The criteria used in Stringer’s office to tally public contracts are different than those used by the city, which stated that last year, for the first time, more than $1 billion in public contracts were granted to minority businesses in general. As for contracts given to Hispanics, there were 1,123 primary contractors – not subcontractors – from a total of 9,760 M/WBEs. That is, they are still a small percentage, compared to other minorities and women. However, the value of the contracts Hispanic companies were granted totals $137.4 million, a 153-percent increase.

Even though these figures are much higher than those seen in previous years, under the city’s metric the participation rate of Latino primary contractors has not moved significantly in the last three years.

The Mayor’s Office of Minority and Women-owned Business Enterprises, which is relatively new, admits that there is still work to do to reach the goals set by Mayor Bill de Blasio of having 9,000 M/WBEs registered by 2019. The other goal is to give 30 percent of all public contracts to these companies.

In 2017, 11.4 percent of all primary and subcontracts were granted to these businesses. The same year, 930 new Latino enterprises became certified, 12 percent more than in 2016.

García concedes that improvements have been made to the certification process, while the Mayor’s Office admits that it has cut down red tape by 30 percent due to complaints. “There will be further improvements,” they added.

These upgrades will be welcomed by entrepreneurs, as the number of certifications is starting to go down, according to Quenia Abreu, president of the New York Women’s Chamber of Commerce, which assists entrepreneurs in their certification applications. Abreu explained that she had detected a decreased number of recertification applications. “This may be due to the fact that, after all that effort, these contracts fail to arrive and entrepreneurs become disheartened,” said García.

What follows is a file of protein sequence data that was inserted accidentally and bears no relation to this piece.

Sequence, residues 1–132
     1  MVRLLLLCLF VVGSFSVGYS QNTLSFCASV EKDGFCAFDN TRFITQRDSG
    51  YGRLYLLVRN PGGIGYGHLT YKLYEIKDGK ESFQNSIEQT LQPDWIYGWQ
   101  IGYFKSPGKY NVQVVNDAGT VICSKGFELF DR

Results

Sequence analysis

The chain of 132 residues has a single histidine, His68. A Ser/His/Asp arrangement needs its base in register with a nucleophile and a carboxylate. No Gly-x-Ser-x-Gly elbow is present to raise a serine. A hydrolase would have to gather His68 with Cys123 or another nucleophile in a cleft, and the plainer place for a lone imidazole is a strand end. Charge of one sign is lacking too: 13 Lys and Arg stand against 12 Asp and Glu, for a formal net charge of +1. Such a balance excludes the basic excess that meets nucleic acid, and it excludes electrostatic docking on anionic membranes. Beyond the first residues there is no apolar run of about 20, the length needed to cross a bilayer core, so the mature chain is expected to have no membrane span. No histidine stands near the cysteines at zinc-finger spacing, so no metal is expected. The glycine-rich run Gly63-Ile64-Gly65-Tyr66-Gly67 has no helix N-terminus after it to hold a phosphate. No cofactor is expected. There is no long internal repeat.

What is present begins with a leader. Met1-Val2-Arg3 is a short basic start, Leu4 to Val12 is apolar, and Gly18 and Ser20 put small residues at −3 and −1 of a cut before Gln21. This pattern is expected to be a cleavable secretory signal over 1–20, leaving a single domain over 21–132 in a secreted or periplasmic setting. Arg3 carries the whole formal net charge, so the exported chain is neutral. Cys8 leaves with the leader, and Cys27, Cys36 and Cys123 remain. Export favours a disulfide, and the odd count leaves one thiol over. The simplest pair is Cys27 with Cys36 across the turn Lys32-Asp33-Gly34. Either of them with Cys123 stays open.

The year started with promising news. On the one hand, the city has obtained the state’s authorization to directly approve – that is, without public bidding – contracts of $150,000 or less exclusively for M/WBEs. Previously, it was only allowed to give direct contracts of $20,000, which was too low. The state is able to grant direct contracts of less than $200,000, which is what the city wanted. In addition, the city has closed a deal with Amalgamated Bank, Bank of America and TD Bank to create loans for programs supporting these companies for three times the amount it used to award.

Other ideas discussed at the meeting with the comptroller included considering the direct renewal of contracts after a satisfactory outcome to avoid having to bid again, simplifying certifications and having staff in charge of diversity from each agency reporting to the mayor’s office.

Daniel Levy had a long resume before being certified as a minority-owned businessman. Some of the jobs this Argentinean entrepreneur has performed include studying humpback whales in Antarctica, washing dishes, painting houses, walking dogs and cleaning boats in New Jersey. He arrived in New York in 2001, not even 30 years old and with barely $400 in his pocket.


Levy says that the city pays promptly and quickly, which allows him to manage his capital efficiently, and added that, when a company gets certified, it becomes visible to larger corporations contracting through the M/WBE office.

“There is a lot of money available, and all those companies have diversity supplier programs. Two years ago, I started to go to the conventions and was surprised at how easy it was for me to meet the person who does global contracting for Apple. Where else was that going to happen to me?” he said, laughing.